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The chaos of everyday life can make it difficult to recognize subtle changes that manifest in the body. In an attempt to indicate that something is not right, the body usually sends a variety of warning signs, which we tend to dismiss faster than a 6 a.m. morning alarm. More often than not, we snooze these alarms with some sort of medication or quick fix, without thinking twice about the root of the problem.
Scientific evidence shows that the root of many health problems can stem from poor dietary habits that lead to various nutritional deficiencies. These problems typically do not surface overnight; instead, they build up overtime, making them harder to notice. If you are unsure of where your diet stands, a good way to tell is whether you can identify with any of my nine poor diet warning signs:
#1: Strands of Straw Healthy functioning organs require adequate nutrition, and healthy hair follicles are no exception. Starvation diets that lead to severe protein-energy malnutrition can cause brittle hair or worse, hair loss. Studies show diets that are low in protein, essential fatty acids, and nutrients such as Vitamin C, zinc and iron are associated with hair loss, thinning, and loss of pigmentation.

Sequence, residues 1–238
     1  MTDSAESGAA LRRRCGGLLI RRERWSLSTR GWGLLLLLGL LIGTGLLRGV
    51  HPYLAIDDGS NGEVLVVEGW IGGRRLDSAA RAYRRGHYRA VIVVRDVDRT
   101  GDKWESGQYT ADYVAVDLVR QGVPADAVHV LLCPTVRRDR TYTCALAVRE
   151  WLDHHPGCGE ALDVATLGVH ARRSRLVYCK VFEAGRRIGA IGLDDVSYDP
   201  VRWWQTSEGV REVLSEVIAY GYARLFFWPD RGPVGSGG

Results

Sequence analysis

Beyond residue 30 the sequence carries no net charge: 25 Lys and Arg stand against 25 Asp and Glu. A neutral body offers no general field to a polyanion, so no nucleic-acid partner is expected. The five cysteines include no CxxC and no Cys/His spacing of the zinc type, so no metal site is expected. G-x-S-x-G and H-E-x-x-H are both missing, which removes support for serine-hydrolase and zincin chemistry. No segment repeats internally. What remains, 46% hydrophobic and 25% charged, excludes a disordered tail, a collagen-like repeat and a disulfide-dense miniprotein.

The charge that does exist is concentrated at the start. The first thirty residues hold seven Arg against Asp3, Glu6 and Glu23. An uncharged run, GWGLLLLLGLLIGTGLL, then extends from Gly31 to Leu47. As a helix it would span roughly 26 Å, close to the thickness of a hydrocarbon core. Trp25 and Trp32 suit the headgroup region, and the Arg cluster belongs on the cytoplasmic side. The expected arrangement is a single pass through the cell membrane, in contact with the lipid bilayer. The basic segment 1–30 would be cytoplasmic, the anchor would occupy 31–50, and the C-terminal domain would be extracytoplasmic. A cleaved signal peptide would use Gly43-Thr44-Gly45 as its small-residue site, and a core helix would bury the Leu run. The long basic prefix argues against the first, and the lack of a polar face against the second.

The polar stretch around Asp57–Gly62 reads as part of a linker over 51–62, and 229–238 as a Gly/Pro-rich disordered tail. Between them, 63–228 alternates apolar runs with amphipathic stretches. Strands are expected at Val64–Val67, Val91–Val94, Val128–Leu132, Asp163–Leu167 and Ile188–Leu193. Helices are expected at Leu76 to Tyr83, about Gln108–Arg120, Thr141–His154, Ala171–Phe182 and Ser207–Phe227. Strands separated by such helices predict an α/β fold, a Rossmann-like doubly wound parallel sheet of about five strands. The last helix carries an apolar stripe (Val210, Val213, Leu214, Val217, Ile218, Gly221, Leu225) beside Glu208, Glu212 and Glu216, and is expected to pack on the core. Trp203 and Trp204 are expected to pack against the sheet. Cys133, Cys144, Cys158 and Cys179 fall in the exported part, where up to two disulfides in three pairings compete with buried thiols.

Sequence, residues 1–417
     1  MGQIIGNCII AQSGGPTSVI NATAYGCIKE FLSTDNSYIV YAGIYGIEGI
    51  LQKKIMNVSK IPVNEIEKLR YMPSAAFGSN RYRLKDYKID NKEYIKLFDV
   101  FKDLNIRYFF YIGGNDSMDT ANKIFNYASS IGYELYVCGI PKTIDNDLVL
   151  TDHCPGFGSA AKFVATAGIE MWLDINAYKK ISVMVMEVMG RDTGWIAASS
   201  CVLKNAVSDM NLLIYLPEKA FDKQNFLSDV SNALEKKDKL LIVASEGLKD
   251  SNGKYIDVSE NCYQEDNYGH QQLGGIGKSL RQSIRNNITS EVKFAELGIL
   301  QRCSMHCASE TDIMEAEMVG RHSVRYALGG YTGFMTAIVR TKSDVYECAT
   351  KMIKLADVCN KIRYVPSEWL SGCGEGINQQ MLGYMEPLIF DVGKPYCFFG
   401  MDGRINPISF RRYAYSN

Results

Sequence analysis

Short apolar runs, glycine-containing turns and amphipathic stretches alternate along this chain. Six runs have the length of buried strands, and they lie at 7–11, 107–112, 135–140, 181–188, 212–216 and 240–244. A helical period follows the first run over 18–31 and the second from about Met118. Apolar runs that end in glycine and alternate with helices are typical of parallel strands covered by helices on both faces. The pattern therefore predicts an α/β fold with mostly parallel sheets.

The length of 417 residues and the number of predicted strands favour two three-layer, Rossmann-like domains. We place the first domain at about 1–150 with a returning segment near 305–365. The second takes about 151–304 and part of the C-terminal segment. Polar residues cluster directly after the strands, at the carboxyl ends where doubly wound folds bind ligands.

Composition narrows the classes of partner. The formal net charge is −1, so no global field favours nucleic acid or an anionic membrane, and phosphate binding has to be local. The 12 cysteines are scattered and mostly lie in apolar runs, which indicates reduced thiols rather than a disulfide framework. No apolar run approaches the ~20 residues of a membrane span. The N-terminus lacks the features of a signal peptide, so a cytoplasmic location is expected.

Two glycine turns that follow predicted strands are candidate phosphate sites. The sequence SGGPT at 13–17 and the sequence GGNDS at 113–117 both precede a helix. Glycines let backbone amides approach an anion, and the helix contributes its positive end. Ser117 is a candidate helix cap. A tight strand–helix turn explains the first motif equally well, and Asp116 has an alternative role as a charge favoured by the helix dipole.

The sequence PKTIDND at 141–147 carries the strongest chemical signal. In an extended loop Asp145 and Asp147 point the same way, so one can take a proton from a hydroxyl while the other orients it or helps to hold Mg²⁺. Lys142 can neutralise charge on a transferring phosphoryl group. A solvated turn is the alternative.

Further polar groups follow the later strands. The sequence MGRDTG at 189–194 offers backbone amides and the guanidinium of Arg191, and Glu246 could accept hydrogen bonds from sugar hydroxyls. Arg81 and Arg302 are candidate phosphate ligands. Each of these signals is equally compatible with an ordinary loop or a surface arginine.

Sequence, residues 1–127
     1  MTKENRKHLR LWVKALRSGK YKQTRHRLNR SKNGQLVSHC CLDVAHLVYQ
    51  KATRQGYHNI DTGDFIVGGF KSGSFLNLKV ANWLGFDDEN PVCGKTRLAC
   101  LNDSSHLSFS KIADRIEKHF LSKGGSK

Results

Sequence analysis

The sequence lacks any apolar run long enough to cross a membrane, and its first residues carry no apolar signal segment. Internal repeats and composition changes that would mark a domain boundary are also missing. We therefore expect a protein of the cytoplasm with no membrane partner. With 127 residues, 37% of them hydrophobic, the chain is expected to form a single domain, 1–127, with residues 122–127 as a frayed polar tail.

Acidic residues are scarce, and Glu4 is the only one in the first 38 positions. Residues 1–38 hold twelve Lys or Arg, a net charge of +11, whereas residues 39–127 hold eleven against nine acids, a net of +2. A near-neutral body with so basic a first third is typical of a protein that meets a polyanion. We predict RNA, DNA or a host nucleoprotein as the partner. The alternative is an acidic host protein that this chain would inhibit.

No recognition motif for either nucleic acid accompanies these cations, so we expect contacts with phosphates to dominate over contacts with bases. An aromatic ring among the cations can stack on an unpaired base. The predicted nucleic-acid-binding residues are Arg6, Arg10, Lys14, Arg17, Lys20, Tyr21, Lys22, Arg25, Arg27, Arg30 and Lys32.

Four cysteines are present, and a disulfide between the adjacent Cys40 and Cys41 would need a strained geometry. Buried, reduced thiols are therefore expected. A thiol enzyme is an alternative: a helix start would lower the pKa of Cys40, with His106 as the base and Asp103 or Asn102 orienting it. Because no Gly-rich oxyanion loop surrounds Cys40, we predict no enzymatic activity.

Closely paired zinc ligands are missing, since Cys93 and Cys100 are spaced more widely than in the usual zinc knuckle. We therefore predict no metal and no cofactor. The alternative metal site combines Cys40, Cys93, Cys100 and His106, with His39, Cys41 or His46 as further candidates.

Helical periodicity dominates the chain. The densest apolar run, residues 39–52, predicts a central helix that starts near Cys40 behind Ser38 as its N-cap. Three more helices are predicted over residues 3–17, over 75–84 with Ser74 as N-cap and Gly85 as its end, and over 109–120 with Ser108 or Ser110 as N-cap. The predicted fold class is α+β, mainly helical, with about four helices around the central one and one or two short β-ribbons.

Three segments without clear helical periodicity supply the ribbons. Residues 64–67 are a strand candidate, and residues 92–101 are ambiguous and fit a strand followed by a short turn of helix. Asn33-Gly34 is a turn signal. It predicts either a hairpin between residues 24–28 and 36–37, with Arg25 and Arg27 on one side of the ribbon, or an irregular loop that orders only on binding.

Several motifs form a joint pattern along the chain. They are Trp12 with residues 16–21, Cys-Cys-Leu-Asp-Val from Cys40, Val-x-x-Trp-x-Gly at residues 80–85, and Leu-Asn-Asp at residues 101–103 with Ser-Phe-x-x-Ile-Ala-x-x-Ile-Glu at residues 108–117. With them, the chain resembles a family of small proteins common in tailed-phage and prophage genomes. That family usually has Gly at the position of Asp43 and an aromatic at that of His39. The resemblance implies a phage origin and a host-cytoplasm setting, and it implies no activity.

#2 Premature Aging While aging is inevitable, there is a growing body of research indicating that a nutritious diet is capable of promoting skin health and delaying extrinsic skin aging. A 2012 systematic review reported that a diet rich in Vitamins A, C, D, and E, in addition to antioxidants such as carotenoids, tocophernols, and flavonoids have beneficial effects on skin-aging parameters. In order to obtain a more youthful appearance, try consuming a variety of fruits and vegetables (5+ servings per day) that are naturally good sources of these skin-protecting nutrients.